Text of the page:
Amazon’s Big Role in Ocean Plastic Pollution | Oceana Canada

Amazon’s Big Role in Ocean Plastic Pollution



2020-12-15

Company Generated More Than 211 Million Kilograms of Plastic Packaging Waste in 2019 According to Report by Oceana 

Oceana calls on Amazon to address its contribution to the plastic disaster that is devastating the world’s oceans and marine life and provide its customers with plastic-free choices 

TORONTO — Oceana has today released a report – based on an analysis of e-commerce packaging data – that found Amazon generated 211 million kilograms of plastic packaging waste last year. This is comprised of the air pillows, bubble wrap and other plastic packaging items added to the approximately seven billion Amazon packages delivered in 2019, according to news accounts.i The report found that Amazon’s estimated plastic packaging waste, in the form of air pillows alone, would circle the Earth more than 500 times.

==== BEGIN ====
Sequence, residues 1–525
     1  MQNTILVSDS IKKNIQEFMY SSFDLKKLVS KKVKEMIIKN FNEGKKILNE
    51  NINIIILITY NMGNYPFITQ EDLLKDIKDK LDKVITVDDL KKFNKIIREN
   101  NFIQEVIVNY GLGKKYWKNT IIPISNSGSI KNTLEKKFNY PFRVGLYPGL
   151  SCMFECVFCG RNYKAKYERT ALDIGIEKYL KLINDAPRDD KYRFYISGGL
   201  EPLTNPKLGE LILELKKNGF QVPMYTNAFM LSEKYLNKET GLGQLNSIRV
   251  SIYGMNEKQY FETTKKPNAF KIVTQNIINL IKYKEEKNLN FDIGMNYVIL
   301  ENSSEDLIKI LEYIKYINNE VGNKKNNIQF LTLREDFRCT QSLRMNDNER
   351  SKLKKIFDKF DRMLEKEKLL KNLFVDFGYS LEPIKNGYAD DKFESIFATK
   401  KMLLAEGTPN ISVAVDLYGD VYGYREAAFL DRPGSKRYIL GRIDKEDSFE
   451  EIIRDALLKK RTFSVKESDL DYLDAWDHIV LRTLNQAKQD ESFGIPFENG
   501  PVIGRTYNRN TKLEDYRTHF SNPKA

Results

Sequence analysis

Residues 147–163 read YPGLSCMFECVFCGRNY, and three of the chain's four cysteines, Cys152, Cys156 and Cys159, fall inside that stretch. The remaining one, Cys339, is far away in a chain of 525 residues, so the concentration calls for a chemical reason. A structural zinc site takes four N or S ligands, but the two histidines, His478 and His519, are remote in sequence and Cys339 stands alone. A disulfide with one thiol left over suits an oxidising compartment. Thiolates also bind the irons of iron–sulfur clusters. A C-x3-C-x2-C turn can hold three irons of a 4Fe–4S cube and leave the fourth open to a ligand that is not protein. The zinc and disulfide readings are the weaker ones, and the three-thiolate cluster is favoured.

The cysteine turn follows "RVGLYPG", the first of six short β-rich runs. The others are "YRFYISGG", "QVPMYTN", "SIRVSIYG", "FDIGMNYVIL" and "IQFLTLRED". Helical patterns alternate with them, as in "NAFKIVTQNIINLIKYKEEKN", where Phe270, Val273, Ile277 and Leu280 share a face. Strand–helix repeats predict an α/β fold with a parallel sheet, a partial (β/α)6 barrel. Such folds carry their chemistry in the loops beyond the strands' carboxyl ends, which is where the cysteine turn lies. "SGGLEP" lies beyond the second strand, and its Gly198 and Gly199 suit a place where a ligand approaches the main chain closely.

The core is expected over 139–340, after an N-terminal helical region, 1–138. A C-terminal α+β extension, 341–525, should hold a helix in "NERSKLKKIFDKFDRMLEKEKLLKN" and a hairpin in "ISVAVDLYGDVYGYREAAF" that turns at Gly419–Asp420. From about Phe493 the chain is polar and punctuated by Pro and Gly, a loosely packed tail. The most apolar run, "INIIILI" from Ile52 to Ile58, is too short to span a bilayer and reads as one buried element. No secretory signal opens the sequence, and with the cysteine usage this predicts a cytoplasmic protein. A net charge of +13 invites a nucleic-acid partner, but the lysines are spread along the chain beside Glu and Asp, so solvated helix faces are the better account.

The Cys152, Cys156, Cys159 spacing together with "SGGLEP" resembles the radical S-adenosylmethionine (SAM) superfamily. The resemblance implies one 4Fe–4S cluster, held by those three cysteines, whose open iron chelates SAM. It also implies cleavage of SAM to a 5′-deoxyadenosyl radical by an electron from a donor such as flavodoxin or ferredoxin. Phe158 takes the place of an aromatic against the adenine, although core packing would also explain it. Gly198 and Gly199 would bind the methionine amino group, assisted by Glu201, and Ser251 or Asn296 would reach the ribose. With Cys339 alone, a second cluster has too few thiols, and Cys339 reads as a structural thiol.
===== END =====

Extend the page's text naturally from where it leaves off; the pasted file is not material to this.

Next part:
The study also, by combining the e-commerce packaging data with findings from a recent study published in Science,ii estimates that up to 10.18 million kilograms of Amazon’s plastic packaging waste entered and polluted the world’s freshwater and marine ecosystems in 2019, the equivalent of dumping a delivery van payload of plastic into the oceans every 70 minutes.  

It also found that Amazon’s Canadian plastic footprint is disproportionately large, generating an estimated 21.3 million kilograms of plastic waste in Canada in 2019 – 1.2 times more than in India, and more than Japan, Brazil, Spain and Mexico combined. The online retail giant has cornered 48 per cent of the Canadian e-commerce market, with estimated sales in 2019 exceeding $9 billion (CDN).